- Capture must be robust: even if the app fails in the browser, data mustn’t be lost.
- A phone call can make us switch tasks, and we want to immediately record that change and flick back again afterwards.
- Our clients span the globe. We wanted WorkMaid to automatically convert between currencies
- It must run on devices of all sizes from smart phones to tablets to desktop PCs.
- During development we also realised how much simpler it would be to have invoices generated automatically.
How we built it
On the front end we used the Twitter Bootstrap framework without any appreciable customisation. We augmented this with Knockout JS to simplify data presentation, and used LESS to craft our CSS.
The Entry tab displays the most recently charged tasks, and updates whenever a new task is started. Switching tasks in mid-stream is as quick as clicking on an existing Client / Project / Task combination. There isn’t an exact match? Pick something close and use task auto completion.
Clients (and projects)
On the Clients tab clients can be filtered by status; select a client and the details are displayed in the editor. As a sanity check hourly rates are automatically converted to New Zealand dollars in real time using today’s exchange rate.
Projects for each client are edited in a similar fashion. They’re listed on the Clients tab once the client is selected; they can be filtered by status and by whether or not they’re chargeable.
Changes to client and project details are immediately propagated to WorkMaid‘s other tabs.
If we ever need to check and edit timesheet entries, they’re listed on the Hours tab – the most recent first, with flexible pagination – and clicking any entry allows all its details to be edited.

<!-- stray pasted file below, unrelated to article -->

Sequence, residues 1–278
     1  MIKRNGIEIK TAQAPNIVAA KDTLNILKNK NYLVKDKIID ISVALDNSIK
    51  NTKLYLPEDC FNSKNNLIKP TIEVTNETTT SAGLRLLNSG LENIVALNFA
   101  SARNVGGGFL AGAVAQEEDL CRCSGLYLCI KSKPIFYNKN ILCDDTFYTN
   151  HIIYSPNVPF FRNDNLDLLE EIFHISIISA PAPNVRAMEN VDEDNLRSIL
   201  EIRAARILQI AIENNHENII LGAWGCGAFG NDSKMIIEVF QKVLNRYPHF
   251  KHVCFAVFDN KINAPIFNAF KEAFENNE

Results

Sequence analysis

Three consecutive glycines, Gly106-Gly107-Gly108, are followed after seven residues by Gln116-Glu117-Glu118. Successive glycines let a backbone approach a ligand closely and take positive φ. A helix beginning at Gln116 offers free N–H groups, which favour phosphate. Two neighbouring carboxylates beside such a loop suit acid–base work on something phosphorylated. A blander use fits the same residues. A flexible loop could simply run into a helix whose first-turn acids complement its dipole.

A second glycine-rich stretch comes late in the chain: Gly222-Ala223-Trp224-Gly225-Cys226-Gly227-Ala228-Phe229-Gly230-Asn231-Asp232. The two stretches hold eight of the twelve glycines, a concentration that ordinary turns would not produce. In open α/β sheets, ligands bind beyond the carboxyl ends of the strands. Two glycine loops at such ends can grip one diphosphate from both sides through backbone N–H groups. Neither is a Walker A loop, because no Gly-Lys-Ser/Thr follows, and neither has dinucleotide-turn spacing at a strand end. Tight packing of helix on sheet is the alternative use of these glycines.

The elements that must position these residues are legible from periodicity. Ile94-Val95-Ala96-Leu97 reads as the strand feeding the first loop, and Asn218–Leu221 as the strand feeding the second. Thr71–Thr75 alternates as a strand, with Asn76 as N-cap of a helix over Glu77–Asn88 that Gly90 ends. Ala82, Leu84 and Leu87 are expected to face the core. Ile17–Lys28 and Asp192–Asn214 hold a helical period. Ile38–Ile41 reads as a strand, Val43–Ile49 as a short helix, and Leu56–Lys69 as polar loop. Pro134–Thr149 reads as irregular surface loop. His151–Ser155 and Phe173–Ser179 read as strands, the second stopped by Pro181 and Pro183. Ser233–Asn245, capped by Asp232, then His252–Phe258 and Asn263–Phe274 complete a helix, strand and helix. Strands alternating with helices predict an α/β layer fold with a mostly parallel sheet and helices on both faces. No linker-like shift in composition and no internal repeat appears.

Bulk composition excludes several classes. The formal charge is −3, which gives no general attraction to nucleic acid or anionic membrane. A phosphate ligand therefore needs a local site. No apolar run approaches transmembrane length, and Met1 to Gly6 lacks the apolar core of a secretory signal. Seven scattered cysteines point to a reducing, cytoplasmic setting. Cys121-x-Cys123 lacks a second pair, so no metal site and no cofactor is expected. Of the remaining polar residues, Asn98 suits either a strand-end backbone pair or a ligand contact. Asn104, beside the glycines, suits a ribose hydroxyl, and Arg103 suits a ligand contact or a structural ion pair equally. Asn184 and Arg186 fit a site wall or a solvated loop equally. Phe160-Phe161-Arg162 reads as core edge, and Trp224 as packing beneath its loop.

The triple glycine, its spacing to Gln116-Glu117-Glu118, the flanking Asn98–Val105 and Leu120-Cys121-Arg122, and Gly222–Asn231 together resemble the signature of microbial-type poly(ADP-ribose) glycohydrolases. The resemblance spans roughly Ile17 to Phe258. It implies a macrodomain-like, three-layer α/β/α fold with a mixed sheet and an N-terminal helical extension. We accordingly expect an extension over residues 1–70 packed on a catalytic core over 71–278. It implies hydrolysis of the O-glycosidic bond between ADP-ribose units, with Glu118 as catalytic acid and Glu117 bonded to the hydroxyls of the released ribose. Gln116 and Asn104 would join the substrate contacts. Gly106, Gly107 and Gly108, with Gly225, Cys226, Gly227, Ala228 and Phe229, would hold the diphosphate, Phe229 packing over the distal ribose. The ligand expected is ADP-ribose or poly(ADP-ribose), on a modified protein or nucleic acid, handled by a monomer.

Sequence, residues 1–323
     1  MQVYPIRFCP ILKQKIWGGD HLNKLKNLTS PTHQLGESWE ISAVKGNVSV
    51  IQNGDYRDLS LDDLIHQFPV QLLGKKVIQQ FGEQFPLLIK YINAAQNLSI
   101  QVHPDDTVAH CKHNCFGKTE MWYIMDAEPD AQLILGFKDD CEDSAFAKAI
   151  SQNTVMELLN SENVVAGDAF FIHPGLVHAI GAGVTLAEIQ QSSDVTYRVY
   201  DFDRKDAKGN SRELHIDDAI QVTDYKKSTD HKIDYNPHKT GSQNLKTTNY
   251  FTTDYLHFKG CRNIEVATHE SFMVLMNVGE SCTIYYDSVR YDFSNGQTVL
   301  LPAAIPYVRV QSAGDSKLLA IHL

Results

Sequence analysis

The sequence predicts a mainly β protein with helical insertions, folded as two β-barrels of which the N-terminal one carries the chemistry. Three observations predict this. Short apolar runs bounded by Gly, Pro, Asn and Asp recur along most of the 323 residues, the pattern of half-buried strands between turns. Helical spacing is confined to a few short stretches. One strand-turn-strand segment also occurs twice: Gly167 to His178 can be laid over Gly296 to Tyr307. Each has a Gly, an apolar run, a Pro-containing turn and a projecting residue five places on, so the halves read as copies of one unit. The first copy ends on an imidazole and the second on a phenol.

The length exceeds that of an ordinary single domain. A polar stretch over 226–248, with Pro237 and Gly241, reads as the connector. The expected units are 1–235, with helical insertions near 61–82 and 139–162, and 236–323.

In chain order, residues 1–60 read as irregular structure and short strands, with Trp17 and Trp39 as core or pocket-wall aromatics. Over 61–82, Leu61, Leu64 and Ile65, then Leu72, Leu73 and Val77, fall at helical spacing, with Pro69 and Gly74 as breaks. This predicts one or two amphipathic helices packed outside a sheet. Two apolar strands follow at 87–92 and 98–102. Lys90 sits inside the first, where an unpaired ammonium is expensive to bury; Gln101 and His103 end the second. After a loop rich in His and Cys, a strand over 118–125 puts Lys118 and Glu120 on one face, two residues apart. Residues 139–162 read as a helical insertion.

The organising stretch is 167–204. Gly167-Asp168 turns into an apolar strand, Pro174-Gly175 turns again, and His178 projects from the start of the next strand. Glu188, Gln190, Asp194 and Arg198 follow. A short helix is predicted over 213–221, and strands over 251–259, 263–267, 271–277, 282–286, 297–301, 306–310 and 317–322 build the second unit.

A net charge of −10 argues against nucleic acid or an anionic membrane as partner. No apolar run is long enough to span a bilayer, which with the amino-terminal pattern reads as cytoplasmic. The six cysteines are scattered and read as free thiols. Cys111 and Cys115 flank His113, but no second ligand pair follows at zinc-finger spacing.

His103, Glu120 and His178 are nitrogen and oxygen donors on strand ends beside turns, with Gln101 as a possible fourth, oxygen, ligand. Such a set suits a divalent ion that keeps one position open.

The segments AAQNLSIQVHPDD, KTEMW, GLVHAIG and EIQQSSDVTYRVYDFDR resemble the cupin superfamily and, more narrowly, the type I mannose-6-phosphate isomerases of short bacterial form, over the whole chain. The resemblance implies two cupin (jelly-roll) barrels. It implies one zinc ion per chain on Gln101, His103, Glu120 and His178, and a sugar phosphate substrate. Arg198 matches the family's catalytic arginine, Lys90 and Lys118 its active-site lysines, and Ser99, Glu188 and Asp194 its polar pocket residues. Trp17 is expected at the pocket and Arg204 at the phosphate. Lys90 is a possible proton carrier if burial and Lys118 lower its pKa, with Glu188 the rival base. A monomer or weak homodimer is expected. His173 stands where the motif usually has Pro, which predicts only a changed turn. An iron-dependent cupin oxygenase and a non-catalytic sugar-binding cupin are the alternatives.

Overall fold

Actual times are stored in the database, but for ease of calculation WorkMaid displays and exports all time in six minute blocks – 0.1 hours.
The Status tab summarises chargeable hours, and the revenue those hours are generating converted into New Zealand dollars at today’s exchange rate. We can see at a glance how things are stacking up for the current period.
WorkMaid 1 exported data in a CSV file which was used to manually create an invoice for each client at the end of the month. While rewriting WorkMaid we realised how little effort – and how much benefit – there’d be in having it generate those invoices directly.
The second (and sometimes third, fourth and fifth) page of each invoice contains the detailed hours for the month so the client can easily audit the account.
By investing an additional eight hours in coding up front, WorkMaid is saving us two hours a month. Even better, we can be assured that we’re not miscalculating anything or making any typographical errors while manually creating each of these invoices.
The Reports tab still lets us export CSV files too: we use those to provide clients with progress reports when that’s useful.
Why not just buy a system?
There are thousands of timesheet systems in the world. Why didn’t we just buy one?
- We couldn’t find the mix of features we wanted in any of the systems we looked at.
- We had four years of timesheet data in our own system and wanted to continue using that to critique and improve our project estimates.
- We had a month with spare capacity which reduced the cost of ownership to approximately zero.
What do we think of it now?
At the time of writing we’ve been using WorkMaid 2 for a couple of months. It’s interesting to rank the enhancements now we’ve spent some time with them.
- The new Entry tab is far and away the best feature. It makes it a one click process to change clients in mid stream.
- We look forward to the end of the month and the five minutes it now takes to produce our invoices.
- Automatic conversion of currencies is a good check. Clients prefer to be charged in their own currencies, but it’s easy to get trapped unaware on the wrong side of a drifting exchange rate.